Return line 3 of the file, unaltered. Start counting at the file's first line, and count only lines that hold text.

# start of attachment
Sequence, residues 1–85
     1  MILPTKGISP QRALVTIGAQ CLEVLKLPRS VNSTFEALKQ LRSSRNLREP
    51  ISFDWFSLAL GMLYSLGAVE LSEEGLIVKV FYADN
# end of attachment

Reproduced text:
    51  ISFDWFSLAL GMLYSLGAVE LSEEGLIVKV FYADN